On September 20, 2011, a bill was introduced in the House of Representatives which seeks to authorize three commemorative coins to be issued for the bicentennial of the election of James Monroe as President. A similar bill was introduced in the last session of Congress, but it failed to become law.
The current bill H.R. 2968 James Monroe Commemorative Coin Act would authorize up to 20,000 $50 gold coins containing one troy ounce of gold; up to 275,000 silver dollars; and up to 500,000 clad half dollars. The denomination for the gold coins would be unique amongst modern commemorative coins, which have carried denominations of either $5 or $10, and gold content of of 0.2418 or 0.4837 troy ounces.
Designs for the coins would be “emblematic of President James Monroe and his immeasurable contributions to the United States.” More specifically, the obverse of the coins would bear the side profile image of James Monroe based on Rembrandt Peale’s 1830 portrait. The reverse of the coins would bear the image of the Monroe birthplace as drawn by the Colonial Williamsburg Foundation based on the 1830 drawing published as an etching. The final designs would be selected by the Secretary of the Treasury following consultation with the James Monroe Memorial Foundation, the Commission of Fine Arts, and review by the Citizens Coinage Advisory Committee.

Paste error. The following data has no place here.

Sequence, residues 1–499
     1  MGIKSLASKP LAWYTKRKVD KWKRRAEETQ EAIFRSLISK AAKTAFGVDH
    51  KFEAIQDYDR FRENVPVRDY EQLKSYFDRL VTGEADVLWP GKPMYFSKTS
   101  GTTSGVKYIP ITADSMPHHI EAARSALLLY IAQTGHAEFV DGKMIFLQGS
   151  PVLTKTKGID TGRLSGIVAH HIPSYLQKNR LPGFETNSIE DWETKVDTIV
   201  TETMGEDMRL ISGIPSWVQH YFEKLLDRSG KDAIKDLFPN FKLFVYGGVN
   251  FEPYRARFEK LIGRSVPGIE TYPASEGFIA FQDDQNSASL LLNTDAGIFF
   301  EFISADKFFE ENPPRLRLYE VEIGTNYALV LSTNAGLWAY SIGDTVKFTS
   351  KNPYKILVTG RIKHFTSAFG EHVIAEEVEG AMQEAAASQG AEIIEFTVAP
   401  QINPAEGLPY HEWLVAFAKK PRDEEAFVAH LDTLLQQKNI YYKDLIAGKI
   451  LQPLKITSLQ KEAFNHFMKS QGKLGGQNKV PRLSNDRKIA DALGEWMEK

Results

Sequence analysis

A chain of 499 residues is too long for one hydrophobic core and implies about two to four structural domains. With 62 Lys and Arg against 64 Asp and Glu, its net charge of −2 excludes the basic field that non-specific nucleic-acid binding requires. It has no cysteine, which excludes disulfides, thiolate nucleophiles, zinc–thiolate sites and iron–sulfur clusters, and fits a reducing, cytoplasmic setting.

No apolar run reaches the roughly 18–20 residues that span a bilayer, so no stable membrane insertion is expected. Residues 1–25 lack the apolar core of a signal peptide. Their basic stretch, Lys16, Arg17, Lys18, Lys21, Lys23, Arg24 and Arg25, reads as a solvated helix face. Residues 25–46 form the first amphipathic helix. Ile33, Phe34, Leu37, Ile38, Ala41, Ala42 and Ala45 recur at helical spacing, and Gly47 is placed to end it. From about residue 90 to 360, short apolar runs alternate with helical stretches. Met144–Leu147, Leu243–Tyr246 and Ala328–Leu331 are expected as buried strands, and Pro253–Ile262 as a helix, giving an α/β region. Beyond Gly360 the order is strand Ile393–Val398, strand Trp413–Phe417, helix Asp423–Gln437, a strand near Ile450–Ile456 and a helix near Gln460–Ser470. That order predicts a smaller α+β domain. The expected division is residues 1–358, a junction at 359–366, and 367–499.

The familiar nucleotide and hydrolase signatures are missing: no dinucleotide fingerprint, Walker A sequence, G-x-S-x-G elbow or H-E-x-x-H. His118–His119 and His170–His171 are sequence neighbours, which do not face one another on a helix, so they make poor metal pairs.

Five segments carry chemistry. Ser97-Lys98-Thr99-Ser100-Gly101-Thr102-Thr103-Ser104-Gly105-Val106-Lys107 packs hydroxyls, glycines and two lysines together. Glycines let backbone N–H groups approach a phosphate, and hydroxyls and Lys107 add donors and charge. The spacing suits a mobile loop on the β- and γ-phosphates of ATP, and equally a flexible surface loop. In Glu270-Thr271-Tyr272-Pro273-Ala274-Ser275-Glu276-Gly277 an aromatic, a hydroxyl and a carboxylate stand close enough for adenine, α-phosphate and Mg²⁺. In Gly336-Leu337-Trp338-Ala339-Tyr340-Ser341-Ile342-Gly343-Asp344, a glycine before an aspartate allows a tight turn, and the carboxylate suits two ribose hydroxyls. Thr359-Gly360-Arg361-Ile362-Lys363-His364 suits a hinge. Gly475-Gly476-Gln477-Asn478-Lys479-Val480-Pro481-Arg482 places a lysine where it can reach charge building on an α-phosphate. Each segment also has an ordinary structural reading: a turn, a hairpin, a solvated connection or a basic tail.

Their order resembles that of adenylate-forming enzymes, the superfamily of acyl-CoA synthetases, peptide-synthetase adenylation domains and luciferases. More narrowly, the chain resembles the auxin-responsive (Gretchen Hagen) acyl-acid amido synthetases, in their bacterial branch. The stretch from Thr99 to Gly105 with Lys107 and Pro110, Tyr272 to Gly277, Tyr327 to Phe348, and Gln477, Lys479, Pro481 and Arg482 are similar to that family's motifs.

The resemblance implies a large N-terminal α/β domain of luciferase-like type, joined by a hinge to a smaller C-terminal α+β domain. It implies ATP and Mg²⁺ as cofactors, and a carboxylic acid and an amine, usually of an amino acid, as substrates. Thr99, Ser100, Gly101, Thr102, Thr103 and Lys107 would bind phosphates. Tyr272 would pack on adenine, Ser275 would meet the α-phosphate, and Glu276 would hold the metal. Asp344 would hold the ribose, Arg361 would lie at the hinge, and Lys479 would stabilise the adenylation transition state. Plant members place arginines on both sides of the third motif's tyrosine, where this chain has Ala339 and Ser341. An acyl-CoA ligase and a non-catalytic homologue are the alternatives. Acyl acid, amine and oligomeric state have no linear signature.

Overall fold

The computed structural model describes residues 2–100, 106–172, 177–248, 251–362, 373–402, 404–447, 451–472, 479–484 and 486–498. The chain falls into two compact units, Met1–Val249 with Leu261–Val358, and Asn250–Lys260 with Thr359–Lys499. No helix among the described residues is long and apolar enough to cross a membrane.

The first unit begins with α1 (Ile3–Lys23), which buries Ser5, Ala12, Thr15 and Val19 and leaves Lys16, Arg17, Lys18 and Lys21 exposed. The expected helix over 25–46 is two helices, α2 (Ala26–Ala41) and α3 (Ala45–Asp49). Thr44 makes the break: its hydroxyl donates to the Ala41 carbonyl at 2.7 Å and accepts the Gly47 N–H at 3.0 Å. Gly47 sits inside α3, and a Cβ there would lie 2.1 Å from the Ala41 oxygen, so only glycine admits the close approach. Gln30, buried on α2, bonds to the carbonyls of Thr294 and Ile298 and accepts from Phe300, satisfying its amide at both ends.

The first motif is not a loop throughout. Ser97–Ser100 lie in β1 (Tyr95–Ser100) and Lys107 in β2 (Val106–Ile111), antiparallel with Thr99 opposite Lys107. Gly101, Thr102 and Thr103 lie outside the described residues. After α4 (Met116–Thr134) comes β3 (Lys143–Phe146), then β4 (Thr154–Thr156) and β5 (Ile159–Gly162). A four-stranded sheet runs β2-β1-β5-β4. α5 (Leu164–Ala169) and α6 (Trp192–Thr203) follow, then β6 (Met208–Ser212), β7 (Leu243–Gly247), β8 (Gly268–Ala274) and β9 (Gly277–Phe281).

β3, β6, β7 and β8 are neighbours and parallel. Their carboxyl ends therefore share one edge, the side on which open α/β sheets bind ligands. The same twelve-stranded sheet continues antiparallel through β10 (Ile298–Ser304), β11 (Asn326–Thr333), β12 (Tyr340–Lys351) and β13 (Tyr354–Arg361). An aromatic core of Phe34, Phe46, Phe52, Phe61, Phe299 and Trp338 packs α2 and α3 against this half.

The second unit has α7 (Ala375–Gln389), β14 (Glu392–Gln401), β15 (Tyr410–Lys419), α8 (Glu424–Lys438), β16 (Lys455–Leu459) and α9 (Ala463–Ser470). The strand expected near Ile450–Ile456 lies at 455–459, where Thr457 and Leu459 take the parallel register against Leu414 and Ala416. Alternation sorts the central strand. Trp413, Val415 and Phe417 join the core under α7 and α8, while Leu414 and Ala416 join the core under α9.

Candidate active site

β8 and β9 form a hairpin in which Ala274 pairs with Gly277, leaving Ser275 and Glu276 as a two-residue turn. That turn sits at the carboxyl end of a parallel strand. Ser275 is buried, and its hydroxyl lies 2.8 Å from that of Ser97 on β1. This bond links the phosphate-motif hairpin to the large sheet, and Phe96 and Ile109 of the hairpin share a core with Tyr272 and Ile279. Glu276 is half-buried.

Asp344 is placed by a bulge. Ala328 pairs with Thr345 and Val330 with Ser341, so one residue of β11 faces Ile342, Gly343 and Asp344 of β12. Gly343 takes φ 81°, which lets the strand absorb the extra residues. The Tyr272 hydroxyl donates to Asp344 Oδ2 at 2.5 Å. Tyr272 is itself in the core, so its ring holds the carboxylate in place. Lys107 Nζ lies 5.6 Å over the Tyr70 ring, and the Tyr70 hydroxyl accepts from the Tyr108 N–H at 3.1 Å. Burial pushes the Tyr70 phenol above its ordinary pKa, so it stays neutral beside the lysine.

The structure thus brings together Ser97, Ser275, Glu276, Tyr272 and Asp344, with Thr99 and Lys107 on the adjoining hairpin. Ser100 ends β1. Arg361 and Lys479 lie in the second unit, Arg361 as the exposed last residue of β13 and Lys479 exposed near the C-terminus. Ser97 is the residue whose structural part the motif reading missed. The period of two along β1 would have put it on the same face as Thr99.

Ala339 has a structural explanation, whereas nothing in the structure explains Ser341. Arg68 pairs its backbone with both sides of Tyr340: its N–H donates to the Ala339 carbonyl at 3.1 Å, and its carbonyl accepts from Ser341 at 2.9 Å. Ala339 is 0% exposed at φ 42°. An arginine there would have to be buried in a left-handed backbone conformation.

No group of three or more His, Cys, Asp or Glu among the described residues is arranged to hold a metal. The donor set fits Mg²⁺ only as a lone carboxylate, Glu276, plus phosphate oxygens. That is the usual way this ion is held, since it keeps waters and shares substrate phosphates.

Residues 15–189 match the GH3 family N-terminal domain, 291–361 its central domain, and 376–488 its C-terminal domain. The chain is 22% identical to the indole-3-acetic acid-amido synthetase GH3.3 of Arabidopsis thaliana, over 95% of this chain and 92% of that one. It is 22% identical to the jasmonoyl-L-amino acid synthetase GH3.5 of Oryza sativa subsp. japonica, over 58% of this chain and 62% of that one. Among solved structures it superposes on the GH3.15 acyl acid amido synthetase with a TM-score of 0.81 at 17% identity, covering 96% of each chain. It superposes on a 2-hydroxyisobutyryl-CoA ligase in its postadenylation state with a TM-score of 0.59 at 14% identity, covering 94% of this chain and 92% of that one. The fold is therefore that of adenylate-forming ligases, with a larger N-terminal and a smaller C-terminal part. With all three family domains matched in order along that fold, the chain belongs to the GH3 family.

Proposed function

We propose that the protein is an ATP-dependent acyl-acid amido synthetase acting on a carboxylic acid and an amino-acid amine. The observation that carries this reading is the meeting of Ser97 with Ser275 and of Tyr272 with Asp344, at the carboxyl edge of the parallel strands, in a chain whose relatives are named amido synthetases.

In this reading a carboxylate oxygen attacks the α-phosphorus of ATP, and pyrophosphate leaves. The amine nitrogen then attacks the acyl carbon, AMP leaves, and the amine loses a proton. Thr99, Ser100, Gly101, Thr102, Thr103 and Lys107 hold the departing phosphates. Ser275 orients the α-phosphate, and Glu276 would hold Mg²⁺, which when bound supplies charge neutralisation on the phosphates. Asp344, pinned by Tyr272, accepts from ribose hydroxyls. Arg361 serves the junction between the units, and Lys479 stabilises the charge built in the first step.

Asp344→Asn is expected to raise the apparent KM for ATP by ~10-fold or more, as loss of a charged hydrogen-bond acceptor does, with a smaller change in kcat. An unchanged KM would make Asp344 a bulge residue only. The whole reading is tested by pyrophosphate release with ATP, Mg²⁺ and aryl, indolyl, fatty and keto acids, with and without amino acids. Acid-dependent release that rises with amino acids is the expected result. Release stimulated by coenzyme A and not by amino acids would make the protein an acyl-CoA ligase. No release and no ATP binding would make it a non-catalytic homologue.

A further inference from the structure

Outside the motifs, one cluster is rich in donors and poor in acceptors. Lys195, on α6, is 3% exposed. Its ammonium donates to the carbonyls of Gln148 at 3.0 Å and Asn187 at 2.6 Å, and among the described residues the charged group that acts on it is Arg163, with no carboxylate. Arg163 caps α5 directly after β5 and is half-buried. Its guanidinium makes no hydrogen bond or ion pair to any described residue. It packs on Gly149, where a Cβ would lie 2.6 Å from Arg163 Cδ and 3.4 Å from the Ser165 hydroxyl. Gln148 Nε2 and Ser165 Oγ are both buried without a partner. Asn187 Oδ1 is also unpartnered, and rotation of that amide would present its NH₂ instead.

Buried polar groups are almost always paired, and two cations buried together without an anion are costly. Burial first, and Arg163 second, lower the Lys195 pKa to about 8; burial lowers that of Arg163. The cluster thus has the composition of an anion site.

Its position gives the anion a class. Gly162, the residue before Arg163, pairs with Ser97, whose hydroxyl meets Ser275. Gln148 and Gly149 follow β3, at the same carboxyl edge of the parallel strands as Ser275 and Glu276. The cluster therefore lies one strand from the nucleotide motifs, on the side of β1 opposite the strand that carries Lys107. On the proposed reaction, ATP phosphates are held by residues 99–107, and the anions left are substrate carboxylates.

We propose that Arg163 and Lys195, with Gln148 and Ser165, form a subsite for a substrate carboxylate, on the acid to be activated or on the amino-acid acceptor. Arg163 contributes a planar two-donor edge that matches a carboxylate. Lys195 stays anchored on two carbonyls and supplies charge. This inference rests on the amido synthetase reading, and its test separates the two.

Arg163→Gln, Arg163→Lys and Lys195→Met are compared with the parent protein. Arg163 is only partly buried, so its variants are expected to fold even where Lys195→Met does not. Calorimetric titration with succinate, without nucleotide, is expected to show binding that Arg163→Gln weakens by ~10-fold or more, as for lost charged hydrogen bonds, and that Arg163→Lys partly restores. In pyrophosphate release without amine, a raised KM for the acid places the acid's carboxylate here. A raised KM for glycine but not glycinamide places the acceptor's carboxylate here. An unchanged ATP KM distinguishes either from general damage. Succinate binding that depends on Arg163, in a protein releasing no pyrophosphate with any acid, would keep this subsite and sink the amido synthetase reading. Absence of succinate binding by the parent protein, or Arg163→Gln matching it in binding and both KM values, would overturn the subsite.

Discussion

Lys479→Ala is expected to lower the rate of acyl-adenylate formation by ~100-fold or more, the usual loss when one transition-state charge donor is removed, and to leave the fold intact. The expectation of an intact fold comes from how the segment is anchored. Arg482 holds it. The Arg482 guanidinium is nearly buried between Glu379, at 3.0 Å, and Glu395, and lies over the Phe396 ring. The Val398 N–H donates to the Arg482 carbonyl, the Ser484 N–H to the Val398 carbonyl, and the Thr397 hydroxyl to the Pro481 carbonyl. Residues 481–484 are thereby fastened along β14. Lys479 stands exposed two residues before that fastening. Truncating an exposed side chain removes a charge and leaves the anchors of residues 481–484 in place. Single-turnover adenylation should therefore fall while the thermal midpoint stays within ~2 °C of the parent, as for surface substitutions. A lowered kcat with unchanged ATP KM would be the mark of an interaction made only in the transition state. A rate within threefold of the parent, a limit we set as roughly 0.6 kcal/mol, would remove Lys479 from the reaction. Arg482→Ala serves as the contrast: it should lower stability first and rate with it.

Coins would be minted in proof and uncirculated qualities and may be issued during the one year period beginning on January 1, 2016. There is a requirement for one facility of the United States Mint to strike proof quality and at least one other facility to strike uncirculated quality coins for each of the three coins.
Pricing for the coins would include surcharges of $35 per gold coin, $10 per silver dollar, and $5 per half dollar. The surcharges would be distributed to the James Monroe Memorial Foundation for the development and continuing support of the reconstructed birthplace, supporting education programs, and collecting and preserving artifacts.
James Monroe has previously been depicted on the 1923 Monroe Doctrine Centennial Half Dollar, pictured at the beginning of the article, and on the 2008 James Monroe Presidential Dollar shown above.